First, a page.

Key ingredient in mass extinctions could boost food production

Hydrogen sulfide, the pungent stuff often referred to as sewer gas, is a deadly substance implicated in several mass extinctions.

April 23, 2013

Hydrogen sulfide, the pungent stuff often referred to as sewer gas, is a deadly substance implicated in several mass extinctions, including one at the end of the Permian period 251 million years ago that wiped out more than three-quarters of all species on Earth. But a study published in PLOS ONE shows that in low doses hydrogen sulfide could greatly enhance plant growth, leading to a sharp increase in global food supplies.

The researchers initially were out to examine the toxic effects of hydrogen sulfide on plants but mistakenly used only one-tenth the amount of the toxin intended. The results were so unbelievable that the researchers repeated the experiment, with the same results. At high concentrations—levels of 30–100 ppm (part per million) in water—hydrogen sulfide can be lethal to humans. At 1 ppm it emits a telltale rotten-egg smell. The researchers used a concentration of 1 ppb (part per billion) or less to water seeds of peas, beans, and wheat on a weekly basis. Treating the seeds less often reduced the effect, and watering more often typically killed them.

With wheat, all the seeds germinated in one to two days instead of four or five, and with peas and beans the typical 40% rate of germination rose to 60–70%. “They germinate faster and they produce roots and leaves faster. Basically what we’ve done is accelerate the entire plant process,” said Frederick Dooley, a University of Washington doctoral student in biology who led the research. In addition, crop yields nearly doubled.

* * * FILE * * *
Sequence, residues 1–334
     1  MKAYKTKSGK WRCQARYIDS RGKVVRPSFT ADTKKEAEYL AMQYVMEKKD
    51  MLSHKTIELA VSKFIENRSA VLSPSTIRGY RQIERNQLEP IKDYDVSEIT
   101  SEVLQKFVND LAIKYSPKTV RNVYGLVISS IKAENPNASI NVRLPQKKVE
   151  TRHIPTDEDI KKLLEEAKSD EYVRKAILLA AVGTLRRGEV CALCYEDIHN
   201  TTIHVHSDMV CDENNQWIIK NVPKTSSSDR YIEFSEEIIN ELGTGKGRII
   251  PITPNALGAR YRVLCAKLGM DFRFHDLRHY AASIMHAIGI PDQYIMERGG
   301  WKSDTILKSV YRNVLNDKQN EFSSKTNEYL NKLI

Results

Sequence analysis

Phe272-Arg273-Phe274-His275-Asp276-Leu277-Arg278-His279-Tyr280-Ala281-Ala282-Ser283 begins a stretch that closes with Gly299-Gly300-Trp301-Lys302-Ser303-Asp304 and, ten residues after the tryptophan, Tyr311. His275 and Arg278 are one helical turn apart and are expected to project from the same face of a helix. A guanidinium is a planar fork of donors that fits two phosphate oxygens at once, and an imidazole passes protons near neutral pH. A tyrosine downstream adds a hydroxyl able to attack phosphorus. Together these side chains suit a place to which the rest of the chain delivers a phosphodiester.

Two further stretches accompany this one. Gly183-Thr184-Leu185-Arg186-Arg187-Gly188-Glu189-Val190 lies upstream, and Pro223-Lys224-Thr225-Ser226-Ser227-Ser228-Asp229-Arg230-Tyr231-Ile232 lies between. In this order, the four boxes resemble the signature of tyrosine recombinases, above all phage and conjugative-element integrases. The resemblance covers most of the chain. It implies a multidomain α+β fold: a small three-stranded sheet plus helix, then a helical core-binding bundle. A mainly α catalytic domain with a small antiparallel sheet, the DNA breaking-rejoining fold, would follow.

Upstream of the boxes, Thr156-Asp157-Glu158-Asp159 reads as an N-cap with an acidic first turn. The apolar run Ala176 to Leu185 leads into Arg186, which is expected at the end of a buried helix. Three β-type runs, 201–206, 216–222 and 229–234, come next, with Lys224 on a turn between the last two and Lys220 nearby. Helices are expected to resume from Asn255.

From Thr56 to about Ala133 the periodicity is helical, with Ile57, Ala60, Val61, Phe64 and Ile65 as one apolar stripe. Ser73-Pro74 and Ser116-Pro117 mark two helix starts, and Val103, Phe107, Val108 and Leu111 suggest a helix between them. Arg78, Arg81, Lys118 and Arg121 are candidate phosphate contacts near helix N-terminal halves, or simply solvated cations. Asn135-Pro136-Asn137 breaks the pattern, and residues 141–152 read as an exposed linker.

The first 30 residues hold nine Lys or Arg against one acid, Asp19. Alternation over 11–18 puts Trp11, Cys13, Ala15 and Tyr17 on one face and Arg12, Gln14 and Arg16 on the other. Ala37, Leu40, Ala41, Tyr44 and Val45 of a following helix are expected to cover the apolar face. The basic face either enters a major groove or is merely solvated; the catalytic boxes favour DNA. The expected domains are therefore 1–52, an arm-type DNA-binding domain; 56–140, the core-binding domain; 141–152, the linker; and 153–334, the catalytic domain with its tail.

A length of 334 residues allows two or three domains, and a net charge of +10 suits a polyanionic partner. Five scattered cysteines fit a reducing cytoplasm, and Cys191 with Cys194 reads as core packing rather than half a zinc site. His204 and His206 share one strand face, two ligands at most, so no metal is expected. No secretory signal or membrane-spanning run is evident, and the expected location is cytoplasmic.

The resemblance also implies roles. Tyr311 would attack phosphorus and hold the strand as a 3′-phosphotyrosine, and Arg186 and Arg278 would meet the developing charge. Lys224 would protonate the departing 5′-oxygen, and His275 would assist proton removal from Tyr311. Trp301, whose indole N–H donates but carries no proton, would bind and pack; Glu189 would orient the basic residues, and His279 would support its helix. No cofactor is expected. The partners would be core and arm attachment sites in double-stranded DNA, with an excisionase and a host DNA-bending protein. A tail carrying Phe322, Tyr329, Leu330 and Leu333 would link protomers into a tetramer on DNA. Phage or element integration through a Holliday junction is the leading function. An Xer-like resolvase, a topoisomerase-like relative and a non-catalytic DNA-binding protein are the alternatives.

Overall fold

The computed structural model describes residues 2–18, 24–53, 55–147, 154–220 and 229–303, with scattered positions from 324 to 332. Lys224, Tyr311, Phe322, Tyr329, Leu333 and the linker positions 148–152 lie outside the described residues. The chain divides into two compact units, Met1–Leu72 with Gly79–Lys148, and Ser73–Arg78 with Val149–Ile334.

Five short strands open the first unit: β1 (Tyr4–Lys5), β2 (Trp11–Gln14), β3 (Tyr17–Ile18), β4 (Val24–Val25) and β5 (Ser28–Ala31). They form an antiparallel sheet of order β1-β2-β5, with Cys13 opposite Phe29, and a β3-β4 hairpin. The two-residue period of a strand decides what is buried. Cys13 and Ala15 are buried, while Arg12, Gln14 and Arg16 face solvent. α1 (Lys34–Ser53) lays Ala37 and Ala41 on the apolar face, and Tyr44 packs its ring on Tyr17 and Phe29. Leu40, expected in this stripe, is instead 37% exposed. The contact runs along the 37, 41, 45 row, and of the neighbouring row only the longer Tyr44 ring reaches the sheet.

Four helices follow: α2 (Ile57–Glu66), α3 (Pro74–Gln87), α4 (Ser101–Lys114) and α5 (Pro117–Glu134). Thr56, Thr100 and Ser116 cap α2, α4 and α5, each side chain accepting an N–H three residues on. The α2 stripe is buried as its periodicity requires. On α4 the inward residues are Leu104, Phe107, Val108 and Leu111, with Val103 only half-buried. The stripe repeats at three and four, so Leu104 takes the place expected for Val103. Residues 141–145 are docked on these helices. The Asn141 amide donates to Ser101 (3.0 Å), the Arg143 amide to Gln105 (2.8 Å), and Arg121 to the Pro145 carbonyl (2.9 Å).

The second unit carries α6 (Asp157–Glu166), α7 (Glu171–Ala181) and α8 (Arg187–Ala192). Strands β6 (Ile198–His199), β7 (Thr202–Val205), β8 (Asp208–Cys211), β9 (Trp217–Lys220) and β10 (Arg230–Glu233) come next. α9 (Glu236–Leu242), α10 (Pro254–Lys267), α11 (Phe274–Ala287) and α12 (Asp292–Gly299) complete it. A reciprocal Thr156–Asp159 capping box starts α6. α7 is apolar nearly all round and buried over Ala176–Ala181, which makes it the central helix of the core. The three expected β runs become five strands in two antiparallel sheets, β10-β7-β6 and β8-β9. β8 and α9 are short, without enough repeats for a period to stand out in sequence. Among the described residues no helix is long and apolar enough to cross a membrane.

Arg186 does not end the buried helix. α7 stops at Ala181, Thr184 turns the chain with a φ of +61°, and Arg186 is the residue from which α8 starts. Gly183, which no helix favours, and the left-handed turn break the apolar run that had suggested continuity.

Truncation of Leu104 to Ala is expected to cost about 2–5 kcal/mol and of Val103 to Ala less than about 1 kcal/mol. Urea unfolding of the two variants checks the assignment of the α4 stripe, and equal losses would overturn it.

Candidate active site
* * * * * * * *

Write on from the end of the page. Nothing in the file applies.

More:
Hydrogen sulfide, probably produced when sulfates in the oceans were decomposed by sulfur bacteria, is believed to have played a significant role in several extinction events. The rapid plant growth could be the result of genetic signaling passed down in the wake of mass extinctions. At high concentrations, hydrogen sulfide killed small plants very easily while larger plants had a better chance at survival, so it is likely that plants carry a defense mechanism that spurs their growth when they sense hydrogen sulfide.

Dooley recently has applied hydrogen sulfide treatment to corn, carrots, and soybeans with results that appear to be similar to earlier tests. But it is likely to be some time before he, and the general public, are comfortable with the level of testing to make sure there are no unforeseen consequences of treating food crops with hydrogen sulfide.

The most significant near-term promise, he believes, is in growing algae and other stock for biofuels.

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